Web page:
Let’s face it: some of us miss the office water cooler.
The office and the water cooler miss you too.
After nearly two years of missed face-to-face interactions around the water cooler, the cafe, at deskside chats, and in conference room huddles, we’re all remaining flexible yet are still optimistic about what’s next when it comes to returning to the workplace safely.
While businesses and employees ponder the next move based on the changing tides of a global pandemic, the water cooler sits lonely in your office, longing to hear about the latest Marvel movie trailer, giggle at Ted Lasso one-liners, and predict what will happen in the next episode of the Bachelor and Bachelorette.
The return to the office brings mixed emotions
According to a recent Cisco survey, many employees have anxiety about returning to the office, with concerns about touching shared devices, lack of social distancing, and more. Of those surveyed, 95% are uncomfortable about returning given the current health crisis.
Those who worked remotely during the pandemic and have returned on-site reported mixed mental health impacts: 36% of respondents reported negative mental health effects from on-site work, while 37% reported positive effects.
Workers have rolled with the changes
The global workforce has had to adjust to a variety of working scenarios— including remote work and hybrid work—all while balancing the need to maintain safe environments.
As businesses manage their plans to get employees back to the office, they are looking for unique ways to make everyone feel safer in the work environment. Teams need highly secure access and the best collaboration experiences in order to succeed as a hybrid workforce, and customers need to feel comfortable interacting with staff. A majority of CIOs and IT decision-makers (89%) across all industries believe that maintaining security, control, and governance across user devices, networks, clouds, and applications is essential.
Create a plan for a successful return-to-office with smart spaces and the right collaboration technology.
Smart spaces can bring us back with ease and flexibility
Smart spaces bridge the gap between physical and digital layers, leveraging connectivity, security, and intelligence—all from a single cloud-first platform. Consider these smart spaces experiences from Meraki and our partners:
Using Meraki’s video API, the PenguinIN smart hot-desking platform shows real-time occupancy intelligence
The recently announced Kloudspot platform and KloudVision™ securely integrate safety features such as occupancy monitoring and PPE compliance monitoring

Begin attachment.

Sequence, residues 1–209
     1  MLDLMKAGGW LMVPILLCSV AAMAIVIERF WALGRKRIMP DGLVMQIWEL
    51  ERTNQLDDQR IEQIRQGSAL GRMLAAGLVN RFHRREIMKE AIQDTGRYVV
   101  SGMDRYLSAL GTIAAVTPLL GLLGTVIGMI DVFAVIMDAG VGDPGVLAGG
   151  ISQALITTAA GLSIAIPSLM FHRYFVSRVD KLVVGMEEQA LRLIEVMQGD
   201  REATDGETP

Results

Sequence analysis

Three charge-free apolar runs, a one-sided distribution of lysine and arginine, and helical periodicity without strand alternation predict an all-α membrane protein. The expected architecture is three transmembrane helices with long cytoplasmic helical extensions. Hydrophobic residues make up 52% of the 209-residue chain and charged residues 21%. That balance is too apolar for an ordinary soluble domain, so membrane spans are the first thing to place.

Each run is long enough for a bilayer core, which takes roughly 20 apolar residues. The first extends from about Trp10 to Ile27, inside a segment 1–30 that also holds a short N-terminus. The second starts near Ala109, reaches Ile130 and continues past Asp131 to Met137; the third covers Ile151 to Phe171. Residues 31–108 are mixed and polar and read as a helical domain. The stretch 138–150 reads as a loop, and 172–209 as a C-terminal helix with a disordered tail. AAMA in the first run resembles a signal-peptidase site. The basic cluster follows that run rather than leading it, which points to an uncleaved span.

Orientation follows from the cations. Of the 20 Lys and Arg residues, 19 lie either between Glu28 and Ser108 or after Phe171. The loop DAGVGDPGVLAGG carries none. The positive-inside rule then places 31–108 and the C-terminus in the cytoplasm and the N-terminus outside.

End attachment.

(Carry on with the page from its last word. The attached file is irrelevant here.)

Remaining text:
With Meraki MV and Cisco DNA Spaces, facility managers can now better monitor footfall and enable proactive alerts to keep everyone safe
These are just a few of the technologies that power smart spaces experiences and work together to boost operational efficiency, increase employee productivity, and ensure happy customers. As Ralph Esquibel, Vice President of IT for the Los Angeles Dodgers, observed at the recent Meraki Network user conference, “A camera, in its simplest form, allows us to track individual movements in and around the ballpark … it’s understanding what our fans want.” Implementing these solutions will enable companies to achieve smarter, secure workspaces via Meraki technologies and intelligence.
When that happens, the water cooler may not be standing alone for too much longer.
It’s been 15 years since Meraki started as an MIT dissertation project. The founders were looking for a way to provide cheap, wireless internet access to the public that was also easy to manage, and ended up creating Meraki’s very first product—the Meraki access point (AP), or the Meraki Mini.
Since 2006, our offerings have expanded from the original AP to switches, cameras, sensors, and so much more, all focused on the goal of simple IT that supports our customers through any experience. Meraki has continued to experiment, innovate, and simplify IT, leading the industry through times of discovery and connecting the world with smart and intuitive solutions. It’s no wonder that some of the top global companies choose Meraki.
These milestones are nothing short of amazing, and we have every single customer, partner, and Merakian to thank. Our ability to evolve and deliver on the technology experiences people increasingly expect would not be possible without their close collaboration and trust. Thank you for leaning in with us as we navigate an increasingly complex world.
No doubt the next 15 years will bring about even more change than we saw in the previous 15. We are excited to continue Meraki’s mission and build the high-tech world of the future, today.
The events of 2020 will leave a lasting impact on the financial sector as institutions accelerated the shift to a digital environment, both for customers and their employees.
Digital transformation has raised the bar for financial services, dictating seamless, personalized interactions during branch visits. The banking industry is making great progress toward transformation and resiliency, however, the work isn’t done until institutions can effectively monitor, measure, and resolve disruptions.